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Supreme Court rules Texas is allowed to reject license plate with confederate flag

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WASHINGTON (CNN) — The Supreme Court ruled Thursday that Texas is allowed to reject a license plate design that featured a confederate battle flag.

In an opinion joined by Justice Clarence Thomas, the majority held that license plate designs are government — and not private — speech, and that the government is allowed to discriminate based upon content when it speaks.  Essentially, they are not the equivalent of bumper stickers.

The Lone Star State has no shortage of specialty license plates including “Texas 4 ever” and “Ducks Unlimited”.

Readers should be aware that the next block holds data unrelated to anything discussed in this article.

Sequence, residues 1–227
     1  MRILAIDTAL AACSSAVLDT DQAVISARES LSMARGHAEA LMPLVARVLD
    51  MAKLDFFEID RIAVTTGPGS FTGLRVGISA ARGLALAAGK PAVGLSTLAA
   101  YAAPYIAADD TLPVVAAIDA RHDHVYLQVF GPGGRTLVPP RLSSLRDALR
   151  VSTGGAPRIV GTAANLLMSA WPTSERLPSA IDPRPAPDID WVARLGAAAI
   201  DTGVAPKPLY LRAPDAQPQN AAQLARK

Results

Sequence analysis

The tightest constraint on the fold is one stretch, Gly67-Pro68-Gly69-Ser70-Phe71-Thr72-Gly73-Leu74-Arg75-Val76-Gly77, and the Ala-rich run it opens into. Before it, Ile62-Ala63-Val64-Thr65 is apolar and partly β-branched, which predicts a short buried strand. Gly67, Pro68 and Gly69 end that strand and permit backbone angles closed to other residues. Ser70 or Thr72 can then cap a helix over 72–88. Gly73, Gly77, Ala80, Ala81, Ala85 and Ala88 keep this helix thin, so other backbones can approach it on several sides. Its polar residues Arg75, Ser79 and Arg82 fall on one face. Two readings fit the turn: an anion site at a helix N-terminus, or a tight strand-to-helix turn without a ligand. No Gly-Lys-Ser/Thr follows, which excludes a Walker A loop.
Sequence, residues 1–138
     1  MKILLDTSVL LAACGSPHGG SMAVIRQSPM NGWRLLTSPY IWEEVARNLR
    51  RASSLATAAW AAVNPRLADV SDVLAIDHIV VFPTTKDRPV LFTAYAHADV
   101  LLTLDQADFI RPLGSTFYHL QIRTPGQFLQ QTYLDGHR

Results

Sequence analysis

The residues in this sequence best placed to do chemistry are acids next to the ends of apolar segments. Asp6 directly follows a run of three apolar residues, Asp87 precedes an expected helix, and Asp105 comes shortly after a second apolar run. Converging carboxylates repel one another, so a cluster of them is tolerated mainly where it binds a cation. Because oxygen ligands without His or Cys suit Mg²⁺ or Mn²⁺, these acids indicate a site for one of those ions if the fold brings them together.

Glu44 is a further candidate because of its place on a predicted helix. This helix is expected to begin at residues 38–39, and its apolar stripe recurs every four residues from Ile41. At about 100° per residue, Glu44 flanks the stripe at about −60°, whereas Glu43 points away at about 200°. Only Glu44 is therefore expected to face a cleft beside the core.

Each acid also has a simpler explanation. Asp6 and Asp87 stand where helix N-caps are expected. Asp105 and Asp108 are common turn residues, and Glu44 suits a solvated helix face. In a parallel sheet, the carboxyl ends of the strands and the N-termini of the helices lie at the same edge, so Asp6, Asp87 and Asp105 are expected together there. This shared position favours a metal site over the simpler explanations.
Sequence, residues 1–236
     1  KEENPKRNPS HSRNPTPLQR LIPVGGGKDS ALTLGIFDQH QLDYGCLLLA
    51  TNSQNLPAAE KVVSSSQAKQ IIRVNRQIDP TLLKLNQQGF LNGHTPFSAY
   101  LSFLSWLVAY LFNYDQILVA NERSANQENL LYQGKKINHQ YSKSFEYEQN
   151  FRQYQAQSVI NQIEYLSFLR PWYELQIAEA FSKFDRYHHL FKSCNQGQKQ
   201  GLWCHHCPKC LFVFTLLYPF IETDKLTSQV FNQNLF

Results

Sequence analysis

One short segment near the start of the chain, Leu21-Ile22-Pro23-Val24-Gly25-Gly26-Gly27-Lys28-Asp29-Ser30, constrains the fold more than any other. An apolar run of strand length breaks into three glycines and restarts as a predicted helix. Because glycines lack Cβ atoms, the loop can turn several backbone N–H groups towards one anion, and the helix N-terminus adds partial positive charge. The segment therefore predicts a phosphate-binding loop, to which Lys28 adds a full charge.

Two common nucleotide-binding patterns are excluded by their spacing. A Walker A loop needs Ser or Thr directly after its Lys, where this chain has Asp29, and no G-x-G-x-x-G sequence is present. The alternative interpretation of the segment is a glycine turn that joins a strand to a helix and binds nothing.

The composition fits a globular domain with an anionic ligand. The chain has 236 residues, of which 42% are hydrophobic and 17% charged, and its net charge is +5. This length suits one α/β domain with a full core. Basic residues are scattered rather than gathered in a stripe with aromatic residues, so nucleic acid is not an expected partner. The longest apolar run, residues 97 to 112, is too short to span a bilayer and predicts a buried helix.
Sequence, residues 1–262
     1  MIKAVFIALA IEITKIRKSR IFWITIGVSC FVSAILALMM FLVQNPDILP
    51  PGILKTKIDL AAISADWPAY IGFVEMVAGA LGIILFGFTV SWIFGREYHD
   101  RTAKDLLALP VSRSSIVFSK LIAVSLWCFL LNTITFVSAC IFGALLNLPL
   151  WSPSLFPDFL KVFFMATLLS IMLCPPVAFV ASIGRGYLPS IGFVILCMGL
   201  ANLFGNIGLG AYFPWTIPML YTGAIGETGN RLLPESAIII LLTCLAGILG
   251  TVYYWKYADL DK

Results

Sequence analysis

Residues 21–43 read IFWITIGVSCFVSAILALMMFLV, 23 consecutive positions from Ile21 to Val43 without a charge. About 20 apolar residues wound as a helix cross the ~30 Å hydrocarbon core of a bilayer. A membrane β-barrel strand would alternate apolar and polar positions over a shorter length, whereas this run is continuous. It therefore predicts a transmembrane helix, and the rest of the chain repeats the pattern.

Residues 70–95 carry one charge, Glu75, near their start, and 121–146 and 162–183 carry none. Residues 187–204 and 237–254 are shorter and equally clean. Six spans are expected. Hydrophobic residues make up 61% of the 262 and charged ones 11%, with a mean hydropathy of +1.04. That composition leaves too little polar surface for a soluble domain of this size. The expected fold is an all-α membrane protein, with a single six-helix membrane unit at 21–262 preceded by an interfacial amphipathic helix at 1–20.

But state officials drew the line when one organization sought to have their logo — the confederate flag — depicted on a plate. The Supreme Court is considering whether the decision to exclude the Sons of Confederate Veterans (SCV) from the specialty license plate program violated the organization’s free speech rights under the First Amendment.

The decision is likely to affect specialty license plate programs in other states including a circuit split below concerning “Choose Life” plates. But other areas of speech could also be affected including advertisements in a bus, “adopt a highway” signs, public school brick programs and government websites. The court could give guidance to other states saying, for instance, that public displays can only be commercial speech, or specialty license plates have to go through the legislature.

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